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Re: Velociraptor scavenged azhdarchid pterosaur



True, but that assumes that the "fighting dinosaurs" preserves a one-on-one 
predation attempt, which I personally doubt (actually, it may not be a 
predation attempt at all - consider that the Velociraptor appears to have been 
in the process of being mangled badly).  Incidentally, the 9kg mass for the 
azhdarchid in the new paper is probably too low by a fair margin (9kg is about 
the mass of a large albatross).  In any case, we cannot absolutely rule out 
predation, but it would still seem that scavenging would be the preferred 
hypothesis in this case.

This discussion/debate brings up an interesting question: what evidence should 
we, as paleontologists, require before tentatively accepting a scavenging 
hypothesis for a given preserved feeding event?  And conversely, what evidence 
should be required to tentatively accept a predation hypothesis?

--Mike Habib


On Mar 4, 2012, at 12:54 AM, Tim Williams wrote:

> Mickey Mortimer <mickey_mortimer111@msn.com> wrote:
> 
>> Scavenging's certainly possible, but since the closely related Deinonychus 
>> is generally accepted as predating Tenontosaurus (which is about as heavy
>> compared to Deinonychus as Quetzelcoatlus is compared to Velociraptor), I 
>> don't see how we can favor one hypothesis over another.  Sure I'm assuming
>> that the Velociraptor was found singly, but if Roach and Brinkman (2007) are 
>> correct that Deinonychus did not live in packs but merely aggregated to kill,
>> then a lone dromaeosaurid with parts of a large animal in its belly is just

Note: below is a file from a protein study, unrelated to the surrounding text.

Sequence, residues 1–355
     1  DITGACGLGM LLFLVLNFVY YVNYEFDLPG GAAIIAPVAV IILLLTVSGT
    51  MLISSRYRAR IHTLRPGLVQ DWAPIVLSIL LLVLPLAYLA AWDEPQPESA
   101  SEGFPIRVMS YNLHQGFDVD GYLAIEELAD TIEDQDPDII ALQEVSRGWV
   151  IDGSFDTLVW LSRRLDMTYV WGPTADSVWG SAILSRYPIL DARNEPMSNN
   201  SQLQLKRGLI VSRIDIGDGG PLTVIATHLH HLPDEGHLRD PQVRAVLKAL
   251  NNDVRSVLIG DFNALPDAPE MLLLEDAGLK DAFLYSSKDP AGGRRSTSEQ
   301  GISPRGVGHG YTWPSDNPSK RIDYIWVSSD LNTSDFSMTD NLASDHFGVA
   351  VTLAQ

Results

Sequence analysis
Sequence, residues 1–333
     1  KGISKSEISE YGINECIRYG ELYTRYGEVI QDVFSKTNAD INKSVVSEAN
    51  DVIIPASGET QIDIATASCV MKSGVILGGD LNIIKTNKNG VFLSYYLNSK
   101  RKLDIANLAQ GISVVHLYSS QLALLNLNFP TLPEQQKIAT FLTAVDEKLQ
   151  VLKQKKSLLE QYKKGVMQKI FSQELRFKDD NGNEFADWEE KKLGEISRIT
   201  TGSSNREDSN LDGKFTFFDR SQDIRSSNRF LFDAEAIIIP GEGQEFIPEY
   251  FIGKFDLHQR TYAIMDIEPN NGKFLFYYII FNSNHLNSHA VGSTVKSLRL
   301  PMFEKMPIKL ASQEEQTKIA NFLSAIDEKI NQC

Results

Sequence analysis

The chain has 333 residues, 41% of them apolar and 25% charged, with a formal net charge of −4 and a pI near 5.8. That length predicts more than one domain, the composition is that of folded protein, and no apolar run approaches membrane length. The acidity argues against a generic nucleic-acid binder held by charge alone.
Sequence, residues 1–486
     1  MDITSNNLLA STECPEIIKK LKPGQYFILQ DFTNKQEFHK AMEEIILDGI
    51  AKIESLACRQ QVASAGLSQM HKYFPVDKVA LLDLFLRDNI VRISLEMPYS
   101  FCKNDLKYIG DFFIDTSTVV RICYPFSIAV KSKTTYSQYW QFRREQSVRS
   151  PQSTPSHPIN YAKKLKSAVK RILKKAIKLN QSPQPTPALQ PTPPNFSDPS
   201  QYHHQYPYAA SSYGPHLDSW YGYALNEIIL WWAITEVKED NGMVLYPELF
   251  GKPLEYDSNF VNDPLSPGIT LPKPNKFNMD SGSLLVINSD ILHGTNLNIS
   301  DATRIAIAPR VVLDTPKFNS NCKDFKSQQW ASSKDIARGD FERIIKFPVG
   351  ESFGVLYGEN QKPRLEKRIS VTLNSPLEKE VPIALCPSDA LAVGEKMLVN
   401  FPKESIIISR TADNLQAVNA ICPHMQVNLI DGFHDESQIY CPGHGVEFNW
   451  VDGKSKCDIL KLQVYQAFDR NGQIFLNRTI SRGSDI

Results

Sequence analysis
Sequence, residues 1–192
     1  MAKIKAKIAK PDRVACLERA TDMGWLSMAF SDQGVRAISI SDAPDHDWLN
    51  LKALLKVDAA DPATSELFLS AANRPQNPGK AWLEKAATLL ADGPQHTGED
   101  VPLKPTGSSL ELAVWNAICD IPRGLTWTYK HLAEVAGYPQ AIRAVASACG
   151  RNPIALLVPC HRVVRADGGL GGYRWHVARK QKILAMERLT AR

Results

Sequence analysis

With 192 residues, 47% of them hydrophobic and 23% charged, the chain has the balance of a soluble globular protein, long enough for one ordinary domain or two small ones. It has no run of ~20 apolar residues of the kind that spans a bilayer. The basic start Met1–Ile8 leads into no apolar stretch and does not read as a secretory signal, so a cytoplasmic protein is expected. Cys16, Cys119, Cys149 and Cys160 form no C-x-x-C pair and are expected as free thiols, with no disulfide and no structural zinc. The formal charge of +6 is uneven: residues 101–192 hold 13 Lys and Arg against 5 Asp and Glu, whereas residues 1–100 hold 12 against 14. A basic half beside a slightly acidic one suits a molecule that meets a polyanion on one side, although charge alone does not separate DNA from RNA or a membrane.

>> what we'd expect.
> 
> 
> 
> There's also the famous "fighting dinosaurs": _Velociraptor_ preserved
> in combat with _Protoceratops_.  The _Velociraptor_ (an adult) is
> estimated to have have weighed around 24 kg, the _Protoceratops_ at
> least that much.
> 
> 
> For the Hone &c study, the _Velociraptor_ was a sub-adult estimated to
> have tipped the scales at 13 kg.  The pterosaur is estimated to have
> weighed at least 9 kg.  So IMHO the contest between _Velociraptor_ and
> pterosaur would be less daunting than _Velociraptor_ vs
> _Protoceratops_.  Also, pterosaurs (even azhdarchids) were less adept
> on the ground than velociraptorines.  Would it really have been
> prohibitively difficult for a  _Velociraptor_ to attack an azhdarchid
> of comparable (or even lesser) body mass?  Even if the pterosaur
> weighed substantially more than the _Velociraptor_, predation still
> seems to be well within the realm of possibility.
> 
> 
> 
> 
> 
> Cheers
> 
> Tim

Michael Habib
Assistant Professor of Biology
Chatham University
Woodland Road, Pittsburgh PA  15232
Buhl Hall, Room 226A
mhabib@chatham.edu
(443) 280-0181